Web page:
For the past 2,000 years, the word Jew has been a fraught term used pejoratively by antisemites throughout the ages. Sadly, even some Jews today hold the same view: “They’re Jewish” (acceptable) versus “They’re Jews” (unacceptable). In truth, there is nothing pejorative about Jew when used as a noun. The same can’t be said when Jew is used as a verb (“He Jewed her in a business deal”). Ditto for when Jew is used as an adjective (“He’s a Jew lawyer”). But where did the term Jew even come from? Check out the videos linked below to find out.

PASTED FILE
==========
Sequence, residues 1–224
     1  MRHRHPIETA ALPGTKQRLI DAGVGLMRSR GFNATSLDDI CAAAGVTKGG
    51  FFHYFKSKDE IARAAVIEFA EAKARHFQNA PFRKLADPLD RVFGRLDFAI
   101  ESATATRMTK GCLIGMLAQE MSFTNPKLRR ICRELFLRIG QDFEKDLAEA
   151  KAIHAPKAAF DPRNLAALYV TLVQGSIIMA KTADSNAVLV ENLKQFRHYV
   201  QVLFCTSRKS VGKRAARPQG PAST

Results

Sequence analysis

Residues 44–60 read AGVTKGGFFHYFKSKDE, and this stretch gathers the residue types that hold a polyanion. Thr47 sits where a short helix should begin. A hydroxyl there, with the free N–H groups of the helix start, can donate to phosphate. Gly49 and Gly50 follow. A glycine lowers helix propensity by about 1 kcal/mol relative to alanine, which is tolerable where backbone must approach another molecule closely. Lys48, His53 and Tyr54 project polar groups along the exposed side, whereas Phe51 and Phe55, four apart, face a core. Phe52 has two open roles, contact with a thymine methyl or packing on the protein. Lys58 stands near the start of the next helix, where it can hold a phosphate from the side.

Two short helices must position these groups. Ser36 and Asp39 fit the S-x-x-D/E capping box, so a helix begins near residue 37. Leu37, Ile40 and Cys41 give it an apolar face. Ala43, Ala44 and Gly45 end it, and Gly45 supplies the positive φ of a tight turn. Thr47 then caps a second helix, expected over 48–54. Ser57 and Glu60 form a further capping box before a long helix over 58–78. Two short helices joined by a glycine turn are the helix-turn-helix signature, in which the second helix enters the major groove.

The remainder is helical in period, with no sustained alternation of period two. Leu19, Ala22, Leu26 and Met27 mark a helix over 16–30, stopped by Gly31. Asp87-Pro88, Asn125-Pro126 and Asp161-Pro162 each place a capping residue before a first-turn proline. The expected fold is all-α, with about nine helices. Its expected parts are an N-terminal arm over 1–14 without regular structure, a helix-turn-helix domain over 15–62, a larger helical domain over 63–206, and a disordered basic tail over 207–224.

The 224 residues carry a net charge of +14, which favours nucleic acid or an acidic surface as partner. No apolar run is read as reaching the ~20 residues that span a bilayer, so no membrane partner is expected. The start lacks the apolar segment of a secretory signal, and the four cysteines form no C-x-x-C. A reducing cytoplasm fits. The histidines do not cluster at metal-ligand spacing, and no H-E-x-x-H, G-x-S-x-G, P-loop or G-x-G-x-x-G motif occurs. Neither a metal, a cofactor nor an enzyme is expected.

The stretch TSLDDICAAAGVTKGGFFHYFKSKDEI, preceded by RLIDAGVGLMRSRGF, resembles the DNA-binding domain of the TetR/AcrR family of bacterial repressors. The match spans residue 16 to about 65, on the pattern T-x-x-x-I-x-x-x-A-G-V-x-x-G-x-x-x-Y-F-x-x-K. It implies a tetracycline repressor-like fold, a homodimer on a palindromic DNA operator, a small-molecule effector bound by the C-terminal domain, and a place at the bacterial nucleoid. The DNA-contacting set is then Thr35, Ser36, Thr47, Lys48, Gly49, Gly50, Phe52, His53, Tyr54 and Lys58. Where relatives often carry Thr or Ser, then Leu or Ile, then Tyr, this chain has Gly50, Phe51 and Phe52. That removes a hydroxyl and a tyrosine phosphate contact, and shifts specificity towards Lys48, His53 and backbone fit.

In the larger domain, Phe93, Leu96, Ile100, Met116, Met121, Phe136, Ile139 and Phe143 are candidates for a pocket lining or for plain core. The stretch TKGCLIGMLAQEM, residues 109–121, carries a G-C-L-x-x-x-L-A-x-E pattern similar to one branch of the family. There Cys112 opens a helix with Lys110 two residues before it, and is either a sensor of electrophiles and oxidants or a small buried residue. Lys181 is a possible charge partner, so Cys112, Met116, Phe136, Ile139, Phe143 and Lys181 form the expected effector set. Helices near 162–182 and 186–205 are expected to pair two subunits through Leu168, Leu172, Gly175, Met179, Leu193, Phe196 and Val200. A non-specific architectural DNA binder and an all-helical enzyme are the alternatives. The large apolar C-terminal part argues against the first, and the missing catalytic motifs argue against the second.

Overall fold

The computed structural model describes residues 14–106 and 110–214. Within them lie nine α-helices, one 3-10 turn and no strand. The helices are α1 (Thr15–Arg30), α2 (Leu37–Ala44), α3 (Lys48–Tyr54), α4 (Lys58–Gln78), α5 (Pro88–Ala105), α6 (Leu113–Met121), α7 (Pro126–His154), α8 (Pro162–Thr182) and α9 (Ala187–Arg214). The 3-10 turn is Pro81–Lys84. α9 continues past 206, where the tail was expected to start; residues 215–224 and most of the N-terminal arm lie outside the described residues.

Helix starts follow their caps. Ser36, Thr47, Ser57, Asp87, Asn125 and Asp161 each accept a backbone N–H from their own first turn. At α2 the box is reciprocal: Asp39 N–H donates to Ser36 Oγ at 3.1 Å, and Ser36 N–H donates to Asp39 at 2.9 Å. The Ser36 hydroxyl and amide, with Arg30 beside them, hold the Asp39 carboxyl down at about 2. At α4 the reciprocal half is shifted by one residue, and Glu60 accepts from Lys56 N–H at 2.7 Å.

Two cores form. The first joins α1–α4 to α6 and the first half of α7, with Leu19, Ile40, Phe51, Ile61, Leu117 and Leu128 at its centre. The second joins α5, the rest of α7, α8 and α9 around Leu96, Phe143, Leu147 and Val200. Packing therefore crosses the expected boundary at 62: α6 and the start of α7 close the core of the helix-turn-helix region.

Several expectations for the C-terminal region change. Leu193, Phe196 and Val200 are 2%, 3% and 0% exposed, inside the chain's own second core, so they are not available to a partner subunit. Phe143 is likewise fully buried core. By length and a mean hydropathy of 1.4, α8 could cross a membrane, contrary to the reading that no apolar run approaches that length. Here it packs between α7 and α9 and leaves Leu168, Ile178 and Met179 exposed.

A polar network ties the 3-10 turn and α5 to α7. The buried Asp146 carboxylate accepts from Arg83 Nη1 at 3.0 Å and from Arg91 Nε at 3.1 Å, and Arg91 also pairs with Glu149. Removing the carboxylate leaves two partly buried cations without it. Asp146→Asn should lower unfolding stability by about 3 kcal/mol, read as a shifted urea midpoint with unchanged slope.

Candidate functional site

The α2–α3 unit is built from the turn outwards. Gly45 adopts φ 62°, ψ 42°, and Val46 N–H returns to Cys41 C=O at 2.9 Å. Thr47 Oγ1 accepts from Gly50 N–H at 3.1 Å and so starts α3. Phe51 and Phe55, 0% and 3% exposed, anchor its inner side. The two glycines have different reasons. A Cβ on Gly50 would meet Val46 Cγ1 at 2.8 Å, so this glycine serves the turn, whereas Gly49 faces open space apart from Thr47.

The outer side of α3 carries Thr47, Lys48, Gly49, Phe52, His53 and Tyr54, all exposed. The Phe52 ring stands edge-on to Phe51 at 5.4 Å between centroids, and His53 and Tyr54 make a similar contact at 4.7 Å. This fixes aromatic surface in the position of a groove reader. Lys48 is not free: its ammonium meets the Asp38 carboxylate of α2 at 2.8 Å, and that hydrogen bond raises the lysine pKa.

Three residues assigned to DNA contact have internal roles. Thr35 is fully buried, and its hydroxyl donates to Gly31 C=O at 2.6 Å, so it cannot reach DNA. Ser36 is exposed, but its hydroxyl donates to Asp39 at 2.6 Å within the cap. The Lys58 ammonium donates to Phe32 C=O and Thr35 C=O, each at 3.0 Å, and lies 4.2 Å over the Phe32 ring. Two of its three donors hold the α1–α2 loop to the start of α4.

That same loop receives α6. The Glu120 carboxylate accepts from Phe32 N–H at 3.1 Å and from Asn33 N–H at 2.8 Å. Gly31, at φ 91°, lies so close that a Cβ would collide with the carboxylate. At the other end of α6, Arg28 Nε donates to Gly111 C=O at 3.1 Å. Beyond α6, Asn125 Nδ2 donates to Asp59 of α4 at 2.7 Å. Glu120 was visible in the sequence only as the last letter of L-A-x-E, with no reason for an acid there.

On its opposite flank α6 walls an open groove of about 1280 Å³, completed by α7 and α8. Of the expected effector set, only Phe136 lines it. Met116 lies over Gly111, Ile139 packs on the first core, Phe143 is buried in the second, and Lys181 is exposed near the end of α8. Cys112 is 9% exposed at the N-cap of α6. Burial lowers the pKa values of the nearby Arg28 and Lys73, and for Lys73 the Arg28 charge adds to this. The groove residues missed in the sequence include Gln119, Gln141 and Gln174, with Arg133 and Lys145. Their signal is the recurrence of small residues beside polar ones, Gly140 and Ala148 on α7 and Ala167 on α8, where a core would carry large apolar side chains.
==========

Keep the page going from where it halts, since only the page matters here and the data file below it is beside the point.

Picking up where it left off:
Quote: “The first appearance of the word ‘Jew’ in the Bible is in Kings II 16:6. Its connotation there is identical to that of ‘men of Yehuda’: ‘and drove the Jews from Eilat.’ Over time, this name replaced the earlier ones, though the meaning remained unchanged. In other words, the term Jew in this period was a person who originated from the Kingdom of Yehuda.”
— Shalom Hartman Institute
Learn more about Henry Abramson. ►
Watch “Where do the words ‘Jew’ and ‘Israel’ come from? (Jewish History Lab) ” [20:37]. ►
Read “How Did the Word ‘Jew’ Become Identified with the Jewish People?” ►
Photo: Mosaic Magazine
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